Wikipedia has this to say about Graphic Design:
"A graphic designer is a professional within the graphic design and graphic arts industry who assembles together images, typography or motion graphics to create a piece of design. A graphic designer creates the graphics primarily for published, printed or electronic media, such as brochures (sometimes) and advertising. They are also sometimes responsible for typesetting, illustration, user interfaces, web design, or may take a teaching position. A core responsibility of the designer's job is to present information in a way that is both accessible and memorable".
Graphics are needed for nearly all marketing purposes and are being created by designers all over the world for this reason.
The whole point of graphic design is to communicate a message or to support the communication of a message in a way that the message is enhanced.
Graphic Designers are not artists in the sense that an artist creates for aesthetic reasons so their work can be enjoyed for colour and form and a host of other reasons that have nothing to do with commerce; graphic designers are communicators who use a visual medium.
Graphic design can be further broken down into areas of expertise, with some designers having more experience with magazine or newspaper layout, advertisement design and typesetting than with creating billboard designs or cartoon characters, for example.
Some people confuse graphic design with desktop publishing, but there is a difference between the two.
About.com sums the difference up in this way:
Graphic design jobs involve the creative process of coming up with the concepts and ideas and arrangements for visually communicating a specific message. Graphic design is the process and art of combining text and graphics and communicating an effective message in the design of logos, graphics, brochures, newsletters, posters, signs, and any other type of visual communication.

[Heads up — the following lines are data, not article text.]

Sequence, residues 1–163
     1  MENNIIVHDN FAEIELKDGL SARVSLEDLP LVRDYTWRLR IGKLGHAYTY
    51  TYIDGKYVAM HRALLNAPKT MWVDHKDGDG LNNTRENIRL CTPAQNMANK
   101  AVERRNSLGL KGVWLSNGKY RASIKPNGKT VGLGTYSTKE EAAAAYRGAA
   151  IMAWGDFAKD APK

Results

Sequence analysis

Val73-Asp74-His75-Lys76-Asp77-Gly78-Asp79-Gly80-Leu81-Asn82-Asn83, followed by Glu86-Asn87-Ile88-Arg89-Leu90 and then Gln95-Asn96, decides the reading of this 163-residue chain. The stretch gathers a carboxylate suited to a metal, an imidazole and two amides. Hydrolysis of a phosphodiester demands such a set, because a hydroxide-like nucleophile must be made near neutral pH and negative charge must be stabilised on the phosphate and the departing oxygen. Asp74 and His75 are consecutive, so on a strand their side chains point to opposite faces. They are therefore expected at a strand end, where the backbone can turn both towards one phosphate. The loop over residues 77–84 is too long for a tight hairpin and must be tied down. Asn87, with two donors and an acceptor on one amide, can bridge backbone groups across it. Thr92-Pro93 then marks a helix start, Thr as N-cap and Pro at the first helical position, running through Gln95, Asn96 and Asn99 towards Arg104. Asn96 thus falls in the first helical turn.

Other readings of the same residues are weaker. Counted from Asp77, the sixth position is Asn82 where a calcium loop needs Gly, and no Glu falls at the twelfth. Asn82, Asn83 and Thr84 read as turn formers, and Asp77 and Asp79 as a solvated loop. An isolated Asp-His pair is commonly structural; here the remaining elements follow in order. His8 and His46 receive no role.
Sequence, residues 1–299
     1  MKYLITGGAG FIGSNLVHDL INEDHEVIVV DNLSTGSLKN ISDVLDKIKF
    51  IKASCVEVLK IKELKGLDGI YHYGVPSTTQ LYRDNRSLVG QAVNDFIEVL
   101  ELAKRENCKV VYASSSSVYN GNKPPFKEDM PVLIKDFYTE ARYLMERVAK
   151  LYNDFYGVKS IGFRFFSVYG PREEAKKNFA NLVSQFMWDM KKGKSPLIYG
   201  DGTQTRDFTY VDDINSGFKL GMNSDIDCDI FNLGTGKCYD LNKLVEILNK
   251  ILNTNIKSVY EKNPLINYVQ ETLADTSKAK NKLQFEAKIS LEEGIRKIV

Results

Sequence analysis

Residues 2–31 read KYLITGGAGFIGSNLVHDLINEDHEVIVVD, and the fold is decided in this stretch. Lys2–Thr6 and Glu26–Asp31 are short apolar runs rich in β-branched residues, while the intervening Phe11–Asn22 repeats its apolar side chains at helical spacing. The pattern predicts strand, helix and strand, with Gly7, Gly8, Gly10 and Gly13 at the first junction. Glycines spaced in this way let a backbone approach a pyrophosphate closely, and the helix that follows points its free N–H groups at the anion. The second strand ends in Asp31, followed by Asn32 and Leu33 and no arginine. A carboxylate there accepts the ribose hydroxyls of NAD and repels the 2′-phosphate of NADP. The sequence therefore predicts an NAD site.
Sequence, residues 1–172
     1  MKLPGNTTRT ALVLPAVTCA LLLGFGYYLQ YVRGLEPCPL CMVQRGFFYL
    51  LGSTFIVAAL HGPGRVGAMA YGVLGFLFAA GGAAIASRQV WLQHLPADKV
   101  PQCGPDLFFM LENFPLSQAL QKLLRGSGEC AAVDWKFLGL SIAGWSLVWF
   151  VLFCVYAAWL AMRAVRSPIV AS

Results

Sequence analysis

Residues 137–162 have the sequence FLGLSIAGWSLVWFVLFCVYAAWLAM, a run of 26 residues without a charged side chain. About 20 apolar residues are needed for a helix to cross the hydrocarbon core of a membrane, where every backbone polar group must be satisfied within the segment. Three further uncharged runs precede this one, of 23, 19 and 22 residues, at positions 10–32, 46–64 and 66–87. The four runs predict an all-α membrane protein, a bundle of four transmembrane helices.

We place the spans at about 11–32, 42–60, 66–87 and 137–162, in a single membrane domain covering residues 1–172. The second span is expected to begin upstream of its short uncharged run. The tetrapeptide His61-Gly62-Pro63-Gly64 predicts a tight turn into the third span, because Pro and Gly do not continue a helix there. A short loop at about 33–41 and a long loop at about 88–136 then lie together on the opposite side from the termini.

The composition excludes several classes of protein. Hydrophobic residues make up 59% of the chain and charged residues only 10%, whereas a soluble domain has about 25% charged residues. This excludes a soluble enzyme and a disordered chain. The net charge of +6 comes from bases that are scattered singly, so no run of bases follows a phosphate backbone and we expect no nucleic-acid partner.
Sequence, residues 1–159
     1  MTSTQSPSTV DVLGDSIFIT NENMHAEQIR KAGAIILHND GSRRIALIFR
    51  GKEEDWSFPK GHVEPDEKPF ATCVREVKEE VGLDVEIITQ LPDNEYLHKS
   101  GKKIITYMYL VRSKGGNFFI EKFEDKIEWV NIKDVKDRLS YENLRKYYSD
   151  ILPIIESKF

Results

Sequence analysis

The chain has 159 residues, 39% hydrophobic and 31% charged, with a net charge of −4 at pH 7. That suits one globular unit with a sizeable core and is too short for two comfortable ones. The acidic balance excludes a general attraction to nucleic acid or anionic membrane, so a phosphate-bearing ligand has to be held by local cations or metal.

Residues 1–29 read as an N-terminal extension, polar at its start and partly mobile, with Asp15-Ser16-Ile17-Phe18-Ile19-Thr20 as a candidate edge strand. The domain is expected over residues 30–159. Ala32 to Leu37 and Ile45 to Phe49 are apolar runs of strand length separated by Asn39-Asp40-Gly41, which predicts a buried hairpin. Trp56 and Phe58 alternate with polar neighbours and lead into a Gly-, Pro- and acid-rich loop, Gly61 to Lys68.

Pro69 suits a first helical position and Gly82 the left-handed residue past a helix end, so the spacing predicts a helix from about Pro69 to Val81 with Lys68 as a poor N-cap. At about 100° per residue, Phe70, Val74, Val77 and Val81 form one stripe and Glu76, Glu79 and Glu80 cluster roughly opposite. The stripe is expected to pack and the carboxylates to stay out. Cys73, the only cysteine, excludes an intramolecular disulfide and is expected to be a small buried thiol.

Desktop publishing is the mechanical process that the designer and the non-designer use to turn their ideas for newsletters, brochures, ads, posters, greeting cards, and other projects into digital files for desktop or commercial printing. Desktop publishing is the process of using the computer and specific types of software to combine text and graphics to produce documents such as newsletters, brochures, books, etc.
Graphic designers may use desktop publishing software for the creation of their work, but it is their creativity and flair for design which separates them from the desktop publisher.
Not everyone who does desktop publishing does graphic design, but most graphic designers are involved in desktop publishing - the production side of design. The term desktop publisher can refer to a designer or a non-designer but it often carries negative connotations of an amateur.
Some graphic designers are quite vocal about their distaste for desktop publishing, which is somewhat amusing since much of what they do does involve desktop publishing. What they are really upset about is not desktop publishing itself - it's an invaluable part of the entire graphic design process - but rather the misuse (real or perceived) of desktop publishing software by non-designers.
Source: Jacci Howard Bear, About.com Desktop Publishing Guide
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